SOCIAL BEES: The social bee of greatest medical risk in the U.S. is the honey bee, Apis mellifera. Honey bees exist in colonies that consist of many thousands of workers associated with a nest. The nest consists of wax formed into structures known as "honey combs" in which larvae are reared. Honey bees are a medical risk because they can be very common even in urban areas, people commonly come in contact with them, colonies can consist of many thousands of workers, workers sting if their colony is disturbed, and their venom contains several chemicals involved in allergic reactions.
NOTE: The Africanized honey bee or the so-called "killer bee" is found in parts of the southern, southwestern, and western U.S., but does not occur in Indiana. It is nearly identical to "normal" honey bees in appearance and in the composition and effects of its venom. In other words, Africanized honey bee venom is not more "toxic" or prone to cause allergic reactions. The most important aspect of medical risk is directly associated with behavior. In short, Africanized honey bees are much more prone to defend their colony and the amount and duration of stinging is much greater.
Bumble bees also are social, and about 30 species exist in the U.S. None are considered a significant medical risk. Colonies typically are built in the ground in association with abandoned rodent nests and people rarely come in contact with them. Colonies of many species of bumble bees contain fewer than a hundred workers and workers are much less prone to sting than are honey bee workers. Relatively very little has been reported on the chemistry of bumble bee venoms, but they share at least some allergens with honey bee venom and have been associated with allergic reactions.
SOCIAL WASPS: The social wasps are of greatest medical risk (equal to honey bees and for many of the same reasons) throughout the U.S. are the yellowjackets, and to a lesser extent the hornets. Both groups exist in colonies that consist of hundreds to several thousand workers associated with a nest made of papery material. Yellowjacket and hornet larvae are reared in cells formed into multiple combs that are fully enclosed within a thick papery envelope. Paper wasps, or umbrella wasps, are significant medical risks primarily in the southern and southwestern U.S. However, the relatively recent establishment of a European species, Polistes dominulus, over much of the northern U.S. may change this situation because this species is increasingly common in urban areas and workers are more prone than native species to sting in defense if their colony is disturbed. The common names paper wasp and umbrella wasp are descriptive because the papery nest consists of a single comb that is not enclosed within an envelope and nests usually resemble an umbrella in shape when they are suspended from eaves of a building. Their colonies are much smaller that those of yellowjackets and hornets, usually containing fewer than a hundred workers.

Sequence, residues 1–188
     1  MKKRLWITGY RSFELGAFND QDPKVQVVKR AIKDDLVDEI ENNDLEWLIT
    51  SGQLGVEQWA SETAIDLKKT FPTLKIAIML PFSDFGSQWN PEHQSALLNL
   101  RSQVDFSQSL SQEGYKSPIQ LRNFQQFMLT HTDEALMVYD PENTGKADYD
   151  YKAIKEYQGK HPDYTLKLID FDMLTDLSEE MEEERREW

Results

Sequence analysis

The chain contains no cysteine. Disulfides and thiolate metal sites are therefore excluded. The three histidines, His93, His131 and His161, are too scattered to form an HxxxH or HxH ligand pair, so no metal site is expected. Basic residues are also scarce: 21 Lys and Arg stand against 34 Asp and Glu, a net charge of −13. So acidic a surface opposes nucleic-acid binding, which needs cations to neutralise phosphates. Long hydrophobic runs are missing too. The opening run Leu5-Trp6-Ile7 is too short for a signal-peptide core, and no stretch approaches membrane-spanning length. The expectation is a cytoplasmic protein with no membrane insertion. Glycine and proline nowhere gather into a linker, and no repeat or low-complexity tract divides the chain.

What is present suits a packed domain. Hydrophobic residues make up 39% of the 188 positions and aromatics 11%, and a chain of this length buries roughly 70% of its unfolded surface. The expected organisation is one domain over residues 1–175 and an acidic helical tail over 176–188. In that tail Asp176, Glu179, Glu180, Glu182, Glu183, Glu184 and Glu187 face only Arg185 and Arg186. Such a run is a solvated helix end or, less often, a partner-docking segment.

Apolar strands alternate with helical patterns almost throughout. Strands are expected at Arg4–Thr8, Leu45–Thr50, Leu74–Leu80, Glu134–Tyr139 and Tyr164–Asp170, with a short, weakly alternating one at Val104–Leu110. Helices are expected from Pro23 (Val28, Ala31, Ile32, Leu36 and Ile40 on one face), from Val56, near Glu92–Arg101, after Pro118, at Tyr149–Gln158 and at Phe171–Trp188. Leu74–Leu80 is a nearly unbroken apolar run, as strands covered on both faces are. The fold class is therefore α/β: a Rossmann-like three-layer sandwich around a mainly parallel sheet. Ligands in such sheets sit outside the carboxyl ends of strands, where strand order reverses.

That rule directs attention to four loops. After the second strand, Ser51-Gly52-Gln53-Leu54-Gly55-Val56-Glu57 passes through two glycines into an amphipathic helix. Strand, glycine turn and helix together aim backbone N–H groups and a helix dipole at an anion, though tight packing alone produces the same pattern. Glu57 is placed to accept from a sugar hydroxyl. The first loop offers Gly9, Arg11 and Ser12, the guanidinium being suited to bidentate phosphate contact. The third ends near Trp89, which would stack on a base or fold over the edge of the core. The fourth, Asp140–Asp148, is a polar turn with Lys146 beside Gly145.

Yellowjacket ground nest, Vespula pensylvanica Photo by: Roger Akre, Washington State University
European paper wasp, Polistes dominulus Photo by: Unkown Author
Solitary Bees and Wasps
The vast majority of species of bees and wasps are not social insects and are not a medical risk. They are considered "solitary," and include numerous very common examples such as carpenter bees, the cicada killer, mud daubers, and spider wasps. Solitary bees and solitary wasps do not exist in colonies consisting of numerous workers, almost never sting in defense of their nest, and their venoms cause nothing more than burning pain that persists for a minute or two.
What Should I Know About the Stinging Behavior of Social Hymenoptera?
Workers of social Hymenoptera are females that possess a structure known as an "ovipositor," which in most female insects is involved in laying eggs. However, the ovipositor of ants, bees, and wasps is modified to deliver a sting and is not involved in laying eggs. Known as a "sting" or "stinger," it functions as a hypodermic needle through which venom is injected into animals that disturb the colony. Male ants, wasps, and bees lack an ovipositor and thus cannot sting.
What Should I Know About the Venoms of Social Hymenoptera?
Venoms of social Hymenoptera vary in composition, but all contain a complex mixture of chemicals. They include chemical compounds such as histamine, peptides, and enzymes such as hyaluronidase and phospholipase. Several of these chemicals cause immediate burning pain and thus are involved in defending the colony against predators such as raccoons and bears, or people who disturb the colony. Unfortunately, certain of the peptides and enzymes are allergens that are associated with inducing and eliciting allergic reactions, including systemic anaphylaxis.
Venoms of Solitary Wasps
The venoms of solitary wasps such as the cicada killer, mud daubers, and spider wasps consist primarily of chemicals that function in subduing and paralyzing other insects and spiders used as food for their larvae. These chemicals produce their effect on the nervous system of the prey and have little effect on humans aside from causing minor, temporary pain. However, venoms of some species of spider wasps contain chemicals that cause extreme but temporary burning pain. The venoms of solitary wasps are not known to contain allergens, and there are no reports of allergic reactions in people stung by them. The same is true of solitary bees such as carpenter bees.
Illustration by: Scott Charlesworth, Purdue University based in part on Akre et al. 1981
What Stages Are Involved in Allergic Reactions?
Allergic reactions involve a sequence of complex "steps." The explanation begins with a person who is prone to allergy being stung by a species of social Hymenoptera for the first time. This initial exposure to the venom does not induce an allergic reaction. One or more stinging episodes is needed to induce the primary immune response, which is described below.